4. Preheat the oven to 400°F (205°C) convection once the dough is almost done chilling.

  5. Once the pie shell is ready to bake, dock it all over with a fork, and bake for about 20 minutes total, until golden brown. About 5 minutes into baking, check on it to see if it’s sliding or puffing too much on the bottom. Take it out and dock it again with a fork to make it collapse, and nudge it back into place if it’s shrinking/sliding. Put it back in the oven, and check on it again after another 5 to 10 minutes, repeating if it’s puffing up again. Or feel free to use pie weights instead if you’re not super experienced with pie dough (see note). **

The filling and toppings:

  1. Combine the cornstarch, salt, pomegranate molasses, and eggs (off the heat) in a medium saucepan. Whisk together until there are no more lumps. Stir in the whole milk and 1/4 cup heavy cream, and whisk together until completely combined. Set over medium-high heat, and bring to a simmer while stirring constantly.

  2. Once bubbles start to break the surface, cook for 1 minute (keep stirring), and then remove from heat. Immediately add the butter and chocolate, and stir until both the butter and chocolate have melted completely and incorporated into the filling.

  3. Immediately pour it into the baked pie shell, and let it chill in the refrigerator for at least 3 hours before continuing.

  4. While you’re waiting on the pie to chill, place the sugar in the bowl of your stand mixer (or a stainless steel bowl), and place it along with the whisk attachment (or a regular whisk) in the refrigerator to chill.

  5. When the pie is ready to come out of the refrigerator, whip the cream: add the 1 cup heavy whipping cream and a pinch of salt to the sugar, and beat at medium-high speed, until it reaches soft- to medium-peaks (don’t beat it all the way to stiff peaks unless you plan to pipe it).

  6. Top the pie with the whipped cream, not quite spreading it all the way out to the edges, and making little swooshes on the surface with a small offset spatula or knife.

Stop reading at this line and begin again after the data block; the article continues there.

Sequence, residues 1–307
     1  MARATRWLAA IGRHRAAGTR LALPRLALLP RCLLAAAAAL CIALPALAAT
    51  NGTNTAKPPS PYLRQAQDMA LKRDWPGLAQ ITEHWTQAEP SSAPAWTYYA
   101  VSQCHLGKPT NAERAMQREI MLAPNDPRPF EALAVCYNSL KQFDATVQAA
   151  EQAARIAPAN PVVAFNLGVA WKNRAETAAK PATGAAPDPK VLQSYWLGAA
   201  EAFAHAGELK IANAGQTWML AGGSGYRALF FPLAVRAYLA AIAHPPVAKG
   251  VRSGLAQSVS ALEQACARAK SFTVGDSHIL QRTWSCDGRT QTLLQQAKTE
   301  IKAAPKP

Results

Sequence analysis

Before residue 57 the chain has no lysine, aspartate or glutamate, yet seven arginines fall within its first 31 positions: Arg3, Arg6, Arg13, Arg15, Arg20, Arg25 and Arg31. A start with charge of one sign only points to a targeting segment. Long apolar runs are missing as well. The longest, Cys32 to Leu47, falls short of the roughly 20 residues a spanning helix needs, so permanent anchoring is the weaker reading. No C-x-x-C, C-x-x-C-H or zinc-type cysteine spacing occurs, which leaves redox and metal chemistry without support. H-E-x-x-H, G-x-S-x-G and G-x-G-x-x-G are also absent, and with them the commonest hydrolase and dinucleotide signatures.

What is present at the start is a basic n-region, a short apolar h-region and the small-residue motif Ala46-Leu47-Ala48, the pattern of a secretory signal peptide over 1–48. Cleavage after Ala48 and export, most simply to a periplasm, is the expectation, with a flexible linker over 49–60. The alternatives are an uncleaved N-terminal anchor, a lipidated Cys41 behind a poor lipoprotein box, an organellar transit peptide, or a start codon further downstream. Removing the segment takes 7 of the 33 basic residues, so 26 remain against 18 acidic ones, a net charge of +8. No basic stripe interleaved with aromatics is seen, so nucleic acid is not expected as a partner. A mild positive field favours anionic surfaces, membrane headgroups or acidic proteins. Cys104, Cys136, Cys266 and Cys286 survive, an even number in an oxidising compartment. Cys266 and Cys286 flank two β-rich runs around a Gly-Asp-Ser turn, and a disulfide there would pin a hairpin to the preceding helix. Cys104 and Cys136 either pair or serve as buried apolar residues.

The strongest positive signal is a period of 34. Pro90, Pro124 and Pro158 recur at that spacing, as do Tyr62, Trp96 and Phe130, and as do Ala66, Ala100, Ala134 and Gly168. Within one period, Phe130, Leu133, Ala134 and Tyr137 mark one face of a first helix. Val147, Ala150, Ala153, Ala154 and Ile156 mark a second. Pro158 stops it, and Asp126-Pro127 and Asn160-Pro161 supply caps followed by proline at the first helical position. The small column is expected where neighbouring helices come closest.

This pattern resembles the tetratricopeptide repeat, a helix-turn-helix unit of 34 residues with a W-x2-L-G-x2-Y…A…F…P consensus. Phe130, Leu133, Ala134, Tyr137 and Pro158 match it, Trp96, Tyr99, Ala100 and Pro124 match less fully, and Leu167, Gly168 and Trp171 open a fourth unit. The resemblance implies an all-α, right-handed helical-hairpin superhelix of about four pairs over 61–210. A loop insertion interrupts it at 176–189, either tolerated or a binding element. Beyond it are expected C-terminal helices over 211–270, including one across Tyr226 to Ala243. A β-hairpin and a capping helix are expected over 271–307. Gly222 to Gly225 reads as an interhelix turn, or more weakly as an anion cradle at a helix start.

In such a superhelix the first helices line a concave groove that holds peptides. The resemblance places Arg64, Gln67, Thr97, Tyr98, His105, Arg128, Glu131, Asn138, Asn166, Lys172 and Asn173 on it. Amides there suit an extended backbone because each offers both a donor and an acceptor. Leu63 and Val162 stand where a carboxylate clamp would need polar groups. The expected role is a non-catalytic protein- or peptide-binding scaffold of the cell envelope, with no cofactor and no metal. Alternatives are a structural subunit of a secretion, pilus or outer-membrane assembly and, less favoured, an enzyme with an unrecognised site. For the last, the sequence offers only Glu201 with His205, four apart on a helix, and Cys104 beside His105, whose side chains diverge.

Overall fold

7. Top with chocolate shavings and pomegranate arils, and refrigerate until you’re ready to serve it. It keeps very well in the refrigerator for a few days, although the whipped cream may start weeping after the first 24 hours (don’t make it more than 12 hours ahead of time for special guests, but enjoy the leftovers for days).

* If you measured precisely in grams, you can add the water all at once. If you’re using volume, you should add the water in 2 installments, and you might even need to add a bit more to get it to hold together (volume is less precise).
** To prevent shrinking and puffing in the first place, you can use pie weights. If you go the pie weight route, you don’t need to do the whole thing with the folded-under crust, and you don’t need to let it rest in the refrigerator for so long. I hate pie weights, and always use this method to avoid them, but some might find this technique more trouble than it’s worth, and it’s totally a matter of preference. If you use pie weights, your pastry won’t be as flaky and puffy, and you’ll need to bake it for a few minutes without the weights to make sure the bottom browns. If you’re new to baking, you might want to try using weights, because it’s a little easier and failproof.
*** For big, bold shavings, make sure your bar of chocolate isn’t too cold. I like to microwave mine for about 10-20 seconds, not to melt it, but just to help it soften very slightly and take the room temperature chill off. A slightly warmed bar of chocolate will let you shave off bigger pieces, and those pieces will look velvety rather than chalky. Simply drag your knife across the surface at a 45 degree angle (carefully, away from yourself), or use a veggie peeler.
**** The easiest way to seed a pomegranate is under water.

pomegranate chocolate cream pie

how to learn from failure in recipe developing

This  milk tea baklawa  took so much trial and error (emphasis on the error) before I finally came up with a reliable recipe, but I learned a lot along the way.

This milk tea baklawa took so much trial and error (emphasis on the error) before I finally came up with a reliable recipe, but I learned a lot along the way.